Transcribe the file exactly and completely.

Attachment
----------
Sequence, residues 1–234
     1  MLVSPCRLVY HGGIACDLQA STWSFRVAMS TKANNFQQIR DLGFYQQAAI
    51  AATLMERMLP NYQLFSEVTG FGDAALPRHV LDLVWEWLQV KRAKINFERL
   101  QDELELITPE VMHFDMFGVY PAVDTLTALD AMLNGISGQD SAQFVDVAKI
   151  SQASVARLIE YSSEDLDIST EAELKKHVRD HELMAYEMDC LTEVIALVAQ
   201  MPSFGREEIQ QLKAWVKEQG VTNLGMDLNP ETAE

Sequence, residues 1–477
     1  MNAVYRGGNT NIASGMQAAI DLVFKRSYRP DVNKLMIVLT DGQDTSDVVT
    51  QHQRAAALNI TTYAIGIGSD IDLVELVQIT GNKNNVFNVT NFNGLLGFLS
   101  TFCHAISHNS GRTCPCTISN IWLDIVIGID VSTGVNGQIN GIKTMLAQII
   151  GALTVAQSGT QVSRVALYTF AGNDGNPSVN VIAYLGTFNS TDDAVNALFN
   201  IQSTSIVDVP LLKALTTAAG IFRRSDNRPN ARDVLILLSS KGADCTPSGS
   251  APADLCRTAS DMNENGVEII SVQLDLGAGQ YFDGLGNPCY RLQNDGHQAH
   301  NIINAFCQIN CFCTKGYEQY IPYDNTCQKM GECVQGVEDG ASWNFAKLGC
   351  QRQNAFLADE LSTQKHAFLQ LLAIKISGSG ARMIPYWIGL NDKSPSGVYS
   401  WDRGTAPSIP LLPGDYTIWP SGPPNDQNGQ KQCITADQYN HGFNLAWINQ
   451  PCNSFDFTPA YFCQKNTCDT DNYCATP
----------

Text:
Sequence, residues 1–234
     1  MLVSPCRLVY HGGIACDLQA STWSFRVAMS TKANNFQQIR DLGFYQQAAI
    51  AATLMERMLP NYQLFSEVTG FGDAALPRHV LDLVWEWLQV KRAKINFERL
   101  QDELELITPE VMHFDMFGVY PAVDTLTALD AMLNGISGQD SAQFVDVAKI
   151  SQASVARLIE YSSEDLDIST EAELKKHVRD HELMAYEMDC LTEVIALVAQ
   201  MPSFGREEIQ QLKAWVKEQG VTNLGMDLNP ETAE

Sequence, residues 1–477
     1  MNAVYRGGNT NIASGMQAAI DLVFKRSYRP DVNKLMIVLT DGQDTSDVVT
    51  QHQRAAALNI TTYAIGIGSD IDLVELVQIT GNKNNVFNVT NFNGLLGFLS
   101  TFCHAISHNS GRTCPCTISN IWLDIVIGID VSTGVNGQIN GIKTMLAQII
   151  GALTVAQSGT QVSRVALYTF AGNDGNPSVN VIAYLGTFNS TDDAVNALFN
   201  IQSTSIVDVP LLKALTTAAG IFRRSDNRPN ARDVLILLSS KGADCTPSGS
   251  APADLCRTAS DMNENGVEII SVQLDLGAGQ YFDGLGNPCY RLQNDGHQAH
   301  NIINAFCQIN CFCTKGYEQY IPYDNTCQKM GECVQGVEDG ASWNFAKLGC
   351  QRQNAFLADE LSTQKHAFLQ LLAIKISGSG ARMIPYWIGL NDKSPSGVYS
   401  WDRGTAPSIP LLPGDYTIWP SGPPNDQNGQ KQCITADQYN HGFNLAWINQ
   451  PCNSFDFTPA YFCQKNTCDT DNYCATP